Saturday, August 8, 2015

I Love This Bar, Part III


"A rose is arose is a rose is a rose."  
~ Gertrude Stein

And a bar is a bar is a bar is a bar.  Supposedly.  Some may make a cappuccino more to your liking than others, and some may serve a better prosecco or frullato or brioche. Some may have more comfortable seating or lighting. Others may have hours or a location  The big difference comes in the people who run and work the bar and the people who frequent it.  Think about it... How often did you wish you had a bar like Cheers that you could frequent?

As I mentioned previously, when Cesar and Lilli closed the bar for a few days last year, I went to the other bars in the area.  The big difference in the bars was the atmosphere created by the people who owned them. Let me introduce you to the people who make Bar Santo Stefano a warm and welcoming spot in Bologna.

 As I mentioned a few days ago, Cesar is a native of Barcelona.  He originally was working for his father and lived in a number of places including China (where he met Lilli).  He eventually moved to Piacenza, Italy, and worked in a bar there before he and Lilli decided to buy their own bar.  Cesar speaks Spanish, Catalan, Italian, English, French, and some Chinese, so he's probably got you covered if you go into the bar and can't speak Italian.   

Last summer, I relied a little too much on my Spanish when talking with Cesar.  At one point, one of my Italian instructors told me I should change bars and find someone who spoke only Italian.  Almost the exact same day, Cesar told me he was going to talk only in Italian to me.

A native of China, Lilli has lived in Italy for 20+ years.  Her parents spend six months in Piacenza and six months in China, but they visit Bologna at times.  Lilli speaks Chinese and Italian, of course, and she's learning English.

One thing I'll tell you about my two good friends is that they work long and hard hours.  Cesar opens between 6:30 and 7:00, and Lilli joins him mid-morning.  After the rush, he goes home to rest and comes back later in the afternoon.  They close between 7 and 9 pm, and after they lock the door, they clean everything.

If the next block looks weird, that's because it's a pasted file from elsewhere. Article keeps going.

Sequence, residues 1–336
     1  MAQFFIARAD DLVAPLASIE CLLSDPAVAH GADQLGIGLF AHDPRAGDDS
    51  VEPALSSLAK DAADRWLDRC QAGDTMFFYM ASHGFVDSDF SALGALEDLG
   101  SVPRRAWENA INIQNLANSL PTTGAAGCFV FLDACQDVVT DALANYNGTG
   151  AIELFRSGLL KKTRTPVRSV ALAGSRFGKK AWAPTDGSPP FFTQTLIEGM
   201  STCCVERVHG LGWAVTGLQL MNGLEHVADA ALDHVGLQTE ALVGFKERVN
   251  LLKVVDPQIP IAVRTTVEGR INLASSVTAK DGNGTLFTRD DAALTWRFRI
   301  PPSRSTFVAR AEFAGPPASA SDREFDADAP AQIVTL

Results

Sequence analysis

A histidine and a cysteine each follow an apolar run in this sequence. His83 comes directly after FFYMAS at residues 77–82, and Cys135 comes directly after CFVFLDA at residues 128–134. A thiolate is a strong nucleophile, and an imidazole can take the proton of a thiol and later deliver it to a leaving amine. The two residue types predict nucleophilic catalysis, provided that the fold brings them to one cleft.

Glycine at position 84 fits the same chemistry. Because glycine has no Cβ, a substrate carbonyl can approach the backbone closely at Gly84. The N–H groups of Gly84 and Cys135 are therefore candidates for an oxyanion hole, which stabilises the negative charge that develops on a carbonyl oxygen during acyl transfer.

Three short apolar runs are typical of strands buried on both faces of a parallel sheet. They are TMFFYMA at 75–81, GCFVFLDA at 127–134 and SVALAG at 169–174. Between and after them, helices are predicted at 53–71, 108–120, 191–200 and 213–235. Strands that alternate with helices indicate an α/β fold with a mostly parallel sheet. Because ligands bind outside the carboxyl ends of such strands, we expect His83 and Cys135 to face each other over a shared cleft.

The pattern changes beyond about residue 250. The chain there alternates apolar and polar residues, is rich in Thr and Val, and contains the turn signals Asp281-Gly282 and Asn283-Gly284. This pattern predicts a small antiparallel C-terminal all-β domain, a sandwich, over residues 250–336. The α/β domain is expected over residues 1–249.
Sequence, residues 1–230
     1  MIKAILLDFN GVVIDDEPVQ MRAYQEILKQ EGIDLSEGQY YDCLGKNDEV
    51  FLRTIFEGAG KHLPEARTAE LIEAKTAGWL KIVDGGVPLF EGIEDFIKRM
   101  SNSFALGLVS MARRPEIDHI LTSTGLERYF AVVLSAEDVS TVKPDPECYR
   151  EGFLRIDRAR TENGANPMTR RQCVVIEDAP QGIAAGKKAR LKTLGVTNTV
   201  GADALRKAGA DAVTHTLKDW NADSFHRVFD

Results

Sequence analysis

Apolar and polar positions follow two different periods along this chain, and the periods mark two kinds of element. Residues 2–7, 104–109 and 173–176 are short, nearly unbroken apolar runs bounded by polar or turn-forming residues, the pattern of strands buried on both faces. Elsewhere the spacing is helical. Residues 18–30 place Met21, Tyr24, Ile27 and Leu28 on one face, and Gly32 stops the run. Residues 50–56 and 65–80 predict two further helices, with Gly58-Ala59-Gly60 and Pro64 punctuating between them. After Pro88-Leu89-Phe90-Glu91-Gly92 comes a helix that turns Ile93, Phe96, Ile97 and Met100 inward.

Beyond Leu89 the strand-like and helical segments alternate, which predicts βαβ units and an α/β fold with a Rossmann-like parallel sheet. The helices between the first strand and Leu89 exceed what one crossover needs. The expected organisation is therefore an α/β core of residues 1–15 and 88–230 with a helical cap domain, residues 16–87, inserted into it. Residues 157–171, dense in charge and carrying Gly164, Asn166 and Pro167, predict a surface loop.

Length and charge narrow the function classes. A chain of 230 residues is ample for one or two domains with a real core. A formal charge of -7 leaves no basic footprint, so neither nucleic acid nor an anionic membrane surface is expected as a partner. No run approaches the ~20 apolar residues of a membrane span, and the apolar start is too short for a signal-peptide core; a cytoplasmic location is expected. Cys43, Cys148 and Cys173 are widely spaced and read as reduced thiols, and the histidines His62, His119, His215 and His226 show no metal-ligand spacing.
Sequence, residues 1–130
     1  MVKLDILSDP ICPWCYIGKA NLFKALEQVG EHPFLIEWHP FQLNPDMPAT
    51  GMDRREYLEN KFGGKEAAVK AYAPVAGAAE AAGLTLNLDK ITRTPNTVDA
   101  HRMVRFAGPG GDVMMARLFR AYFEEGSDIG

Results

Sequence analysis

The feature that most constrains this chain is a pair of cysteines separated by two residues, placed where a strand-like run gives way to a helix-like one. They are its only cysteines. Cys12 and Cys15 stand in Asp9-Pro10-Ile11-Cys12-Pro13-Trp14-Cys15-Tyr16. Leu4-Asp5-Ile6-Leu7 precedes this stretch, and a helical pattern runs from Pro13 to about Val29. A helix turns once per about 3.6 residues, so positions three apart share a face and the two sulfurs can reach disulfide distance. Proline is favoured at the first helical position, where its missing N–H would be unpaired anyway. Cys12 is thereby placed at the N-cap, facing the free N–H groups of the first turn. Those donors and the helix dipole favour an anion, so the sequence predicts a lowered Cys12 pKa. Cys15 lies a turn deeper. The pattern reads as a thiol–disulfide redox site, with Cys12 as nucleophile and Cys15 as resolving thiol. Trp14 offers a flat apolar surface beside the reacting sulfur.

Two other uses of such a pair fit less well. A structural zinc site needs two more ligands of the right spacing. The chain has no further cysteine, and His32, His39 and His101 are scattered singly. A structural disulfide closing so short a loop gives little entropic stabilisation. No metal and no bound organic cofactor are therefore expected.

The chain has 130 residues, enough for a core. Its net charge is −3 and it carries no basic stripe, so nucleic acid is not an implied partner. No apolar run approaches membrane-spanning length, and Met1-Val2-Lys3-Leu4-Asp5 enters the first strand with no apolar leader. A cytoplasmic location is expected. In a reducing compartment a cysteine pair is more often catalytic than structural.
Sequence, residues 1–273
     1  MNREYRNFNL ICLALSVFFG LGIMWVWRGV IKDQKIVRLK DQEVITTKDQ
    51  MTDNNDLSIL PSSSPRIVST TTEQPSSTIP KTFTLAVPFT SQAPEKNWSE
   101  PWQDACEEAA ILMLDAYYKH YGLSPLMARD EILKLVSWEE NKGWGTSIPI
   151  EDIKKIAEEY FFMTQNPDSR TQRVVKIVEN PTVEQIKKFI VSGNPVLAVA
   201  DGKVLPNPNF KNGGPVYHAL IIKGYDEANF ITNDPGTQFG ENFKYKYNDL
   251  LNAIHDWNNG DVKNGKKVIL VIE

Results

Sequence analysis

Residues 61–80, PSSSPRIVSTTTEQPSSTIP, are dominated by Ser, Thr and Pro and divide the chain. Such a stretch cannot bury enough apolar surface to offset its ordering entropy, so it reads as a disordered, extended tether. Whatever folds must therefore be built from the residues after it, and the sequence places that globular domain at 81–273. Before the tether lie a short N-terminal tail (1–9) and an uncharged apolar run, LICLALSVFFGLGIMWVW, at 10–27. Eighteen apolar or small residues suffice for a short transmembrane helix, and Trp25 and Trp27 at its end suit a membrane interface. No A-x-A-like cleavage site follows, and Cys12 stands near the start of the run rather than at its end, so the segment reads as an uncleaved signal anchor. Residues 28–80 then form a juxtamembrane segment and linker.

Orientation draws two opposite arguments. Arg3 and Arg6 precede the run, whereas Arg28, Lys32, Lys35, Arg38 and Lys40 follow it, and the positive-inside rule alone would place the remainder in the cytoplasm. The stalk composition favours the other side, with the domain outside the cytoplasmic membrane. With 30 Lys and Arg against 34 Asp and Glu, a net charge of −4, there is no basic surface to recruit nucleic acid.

After Cesar and Lilli, Giovanni was one of the first people I met in Bologna last year.  He owns a farm a short distance from town, but his home there was destroyed in the earthquake in 2012.  Currently, he lives in Bologna and travels to the farm to check on things.  Giovanni has a heart of gold, and this year he gave Mike and me a list of towns we should visit near Bologna.  Because of him, we discovered Faenza and the ceramic museum and Reggio Emilia.

Last summer, Giovanni bought me wine one evening. My Italian was pretty choppy last year, and my part of the conversation was a series of lurching words.  Bless him, but he stood and talked to me without grimacing at my mistakes.  I was happy I could actually communicate better this year.  (PS Giovanni gave me the white rose in my hair in honor of our leaving.)

Vittoria owns the dress shop that is next to Bar Santo Stefano.  She is another friend from last summer, and I enjoy talking to her.  She is, like me, a dog lover.  If you look closely, you can see Zina, her little dog, on the chair behind us.

Le Donne
Gianna, Rosanna, Patrizia, Lea, and Carla are a group of women who meet at the bar most mornings. Some of them are there every morning, and others come and go.  They always ask me about my day, what I've done, what I'm going to do, etc.  I just love these ladies.

Gianlucca is the brother of one of the morning gals, and like them, I just met him this year.  He is extremely nice, and we've had a number of good conversations.  Like the others, he helps me with the Italian.  Believe it or not, he's a black belt in the martial arts and has taught and competed in them.   The morning before Mike and I left Bologna, Gianlucca and I had a long talk about politics (below).

These are only some of the people I've come to love in Bologna.  Tomorrow I'll introduce you to some of the others (below) who also make my days...

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